The dual-clutch transmission will gain share in Europe during the next five years at the expense of the continuously variable transmission.
European transmission specialists expect CVT penetration to grow in the US and Japan, but they are unsure about its future here.
“The industry is at a crossroads, to make long-term choices between CVT on one hand, and dual clutch,” said Coen van Leeuwen, head of product planning at Van Doorne Transmissie, the creator of the CVT.
Some think the choice for Europe already has been made.
“The dual-clutch transmission will put the final nail in the coffin for the CVT,” says Andrew Fulbrook, manager of European powertrain forecasts at CSM Worldwide in London.
The Volkswagen group is driving the growth of the dual-clutch transmission. Europe’s largest automaker offers the sporty, fuel-saving system, which it calls DSG (direct shift gearbox), as an option on 10 models.
Eleven percent of the VW Golfs sold in western Europe are equipped with DSG, said VW group Chairman Bernd Pischetsrieder. The DSG versions of the Golf cost between E1,400 and E1,700 more than comparable Golf models without the feature.
CSM’s Fulbrook says other carmakers are trying to catch up with VW on dual-clutch transmissions. “VW started and now everyone is following, everyone is doing it. They might not all go into production, but they are all doing it.”
UK-based engineering consultancy Ricardo has worked on 19 different dual-clutch projects in the past three years. It engineered and manufactured the dual-clutch transmissions for the Bugatti Veyron and Chrysler ME Four-Twelve supercars.
Fulbrook thinks the CVT will disappear in Europe from all but the Japanese brands because of cost.
A CVT is essentially an automatic transmission that uses a belt or chain to connect two pulleys that slide on shafts and vary the gear ratio based on engine speed. Generally, a CVT offers fuel economy equal to a manual transmission because it keeps engine speed at its most efficient point regardless of the vehicle’s speed.
The CVT’s disadvantages include: the cost of the belt or the chain; the durability of the belt in high-torque engines; the need to retool or create a new transmission assembly line to build the CVT; its odd size compared with other transmissions.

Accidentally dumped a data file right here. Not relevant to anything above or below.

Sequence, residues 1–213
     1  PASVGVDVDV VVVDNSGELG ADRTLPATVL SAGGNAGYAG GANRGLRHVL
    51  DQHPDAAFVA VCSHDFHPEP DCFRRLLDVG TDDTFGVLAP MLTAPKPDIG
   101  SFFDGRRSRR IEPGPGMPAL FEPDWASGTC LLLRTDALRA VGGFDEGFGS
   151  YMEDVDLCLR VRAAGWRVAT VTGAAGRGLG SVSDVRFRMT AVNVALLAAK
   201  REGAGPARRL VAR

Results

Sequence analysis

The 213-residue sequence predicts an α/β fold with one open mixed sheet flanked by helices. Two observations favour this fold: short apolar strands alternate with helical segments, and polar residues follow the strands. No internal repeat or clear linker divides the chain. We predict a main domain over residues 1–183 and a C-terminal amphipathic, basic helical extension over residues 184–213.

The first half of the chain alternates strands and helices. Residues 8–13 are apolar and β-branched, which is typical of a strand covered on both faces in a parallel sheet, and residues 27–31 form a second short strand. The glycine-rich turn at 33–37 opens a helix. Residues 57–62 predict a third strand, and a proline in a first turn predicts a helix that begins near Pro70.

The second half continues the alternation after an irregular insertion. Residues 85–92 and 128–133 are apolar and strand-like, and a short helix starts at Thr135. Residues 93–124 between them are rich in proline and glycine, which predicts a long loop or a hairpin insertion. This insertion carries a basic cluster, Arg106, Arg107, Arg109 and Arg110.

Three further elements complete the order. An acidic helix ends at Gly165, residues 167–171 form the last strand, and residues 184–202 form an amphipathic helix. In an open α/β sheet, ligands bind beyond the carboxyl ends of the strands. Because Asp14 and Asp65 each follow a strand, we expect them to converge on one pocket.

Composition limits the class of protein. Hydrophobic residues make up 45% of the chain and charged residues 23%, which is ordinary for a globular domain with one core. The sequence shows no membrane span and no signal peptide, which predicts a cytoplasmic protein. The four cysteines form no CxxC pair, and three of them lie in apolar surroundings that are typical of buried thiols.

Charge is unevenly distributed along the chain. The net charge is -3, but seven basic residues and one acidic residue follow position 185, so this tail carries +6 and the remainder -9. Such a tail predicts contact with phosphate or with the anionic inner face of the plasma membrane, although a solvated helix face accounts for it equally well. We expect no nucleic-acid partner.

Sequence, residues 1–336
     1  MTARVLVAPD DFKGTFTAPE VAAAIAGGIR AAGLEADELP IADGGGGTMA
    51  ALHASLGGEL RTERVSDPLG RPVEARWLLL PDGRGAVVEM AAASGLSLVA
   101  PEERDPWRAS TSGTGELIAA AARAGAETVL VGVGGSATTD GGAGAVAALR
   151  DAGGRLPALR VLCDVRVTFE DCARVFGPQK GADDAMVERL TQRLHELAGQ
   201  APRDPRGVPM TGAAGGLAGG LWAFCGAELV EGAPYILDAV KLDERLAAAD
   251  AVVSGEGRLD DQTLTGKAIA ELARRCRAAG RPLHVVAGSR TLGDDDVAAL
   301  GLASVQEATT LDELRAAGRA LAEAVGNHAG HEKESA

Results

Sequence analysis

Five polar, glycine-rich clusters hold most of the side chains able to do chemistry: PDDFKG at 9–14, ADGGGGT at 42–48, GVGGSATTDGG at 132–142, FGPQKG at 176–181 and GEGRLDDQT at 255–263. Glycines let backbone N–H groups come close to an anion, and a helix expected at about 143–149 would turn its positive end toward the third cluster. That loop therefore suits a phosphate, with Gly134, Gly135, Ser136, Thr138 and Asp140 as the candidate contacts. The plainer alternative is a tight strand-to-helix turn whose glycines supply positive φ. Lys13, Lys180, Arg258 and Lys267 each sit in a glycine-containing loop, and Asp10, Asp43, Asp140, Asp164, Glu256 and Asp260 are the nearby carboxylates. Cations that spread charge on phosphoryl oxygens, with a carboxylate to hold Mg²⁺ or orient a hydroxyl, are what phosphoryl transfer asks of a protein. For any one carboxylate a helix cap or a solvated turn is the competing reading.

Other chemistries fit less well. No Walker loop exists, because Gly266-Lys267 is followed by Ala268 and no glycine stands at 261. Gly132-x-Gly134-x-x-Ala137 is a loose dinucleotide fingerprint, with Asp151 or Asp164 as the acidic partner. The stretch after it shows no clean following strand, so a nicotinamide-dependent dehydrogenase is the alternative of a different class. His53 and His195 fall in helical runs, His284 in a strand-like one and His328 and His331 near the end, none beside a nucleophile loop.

A dual-clutch transmission is a manual transmission with the option to drive in automatic mode. Many consider it part of the automated manual transmission family because it allows drivers to either set the transmission as an automatic requiring no manual shifting or lets drivers manually shift without having to press down on a clutch pedal.
European automakers such as Fiat and Ford, two CVT pioneers in Europe, already have shifted to automated manual transmissions for their small-segment cars because AMTs are smaller, lighter and cheaper produce than CVTs.
A disadvantage of dual-clutch transmission is that, because of low volume, it costs more to make than most manual transmissions (see box). But it still costs E450 less to produce than a CVT with a chain, CSM estimates.
Low volume, high cost
Fewer CVTs already are built than conventional automatic or manual transmissions, so CVT makers have fewer economies of scale.
Fulbrook says that problem will get worse in the next six years resulting in an estimated per-unit cost to make a CVT of up to E1,600 by 2011.
ZF Friedrichshafen CEO Siegfried Goll says the German supplier is counting on Japanese automakers to push CVTs.
“We have had a difficult time implementing the CVT concept in the US and Europe, while in Asia, we’ve seen a completely different situation emerging,” Goll said during an interview in November 2004.
ZF expects that just 1 percent of the cars produced in western Europe will be fitted with a CVT by 2012, the same level as 2002.
By comparison, ZF forecasts that production of the dual-clutch transmission will rise to 6 percent by 2012, up from zero in 2002.
The supplier will show a version of its dual-clutch transmission at September’s IAA in Frankfurt, a source said.
Globally, Nissan has sold more than 1 million CVT-equipped vehicles, says Kurt von Zumwalt, director of product public relations at Nissan North America. He says the company expects a fourfold increase in global CVT applications during the next three years.
But even Nissan is cautious about the transmission’s future in Europe.
Francois Crisias, a product spokes-man for Nissan Europe, says Nissan won’t offer the CVT as an option in Europe in the small and lower-medium segments because it doesn’t think it could sell enough models with the transmission to be profitable.
In Europe, most cars in those segments have manual transmissions, which cost up to half as much to produce compared with a CVT, according to estimates from CSM.
Fulbrook says the dual-clutch transmission provides fuel savings that are comparable to the CVT – both use up to 15 percent less fuel than an automatic transmission – plus the dual-clutch transmission is less expensive to manufacture because it can be built on the same assembly line as a manual transmission. That means there is no need for retooling.
Another disadvantage of the CVT is vehicle packaging. Some CVT applications are much shorter and taller than other transmissions.
Since CVTs are rarely the only transmission offered for a vehicle, engine bays need to accommodate both types. If automakers don’t believe a CVT will sell well, it is easier and cheaper to design the engine bay without room for a CVT.
BorgWarner CEO Timothy Manganello said one of the reasons the US supplier is growing in Europe is because of the sales of its dual-clutch modules to the Volks-wagen group. BorgWarner calls the technology DualTronic, VW group calls it DSG.
Overall, he said BorgWarner has booked sales of about E220 million worth of its dual-clutch modules through 2007. That represents about 20 percent of the sales it has booked for 2005-2007.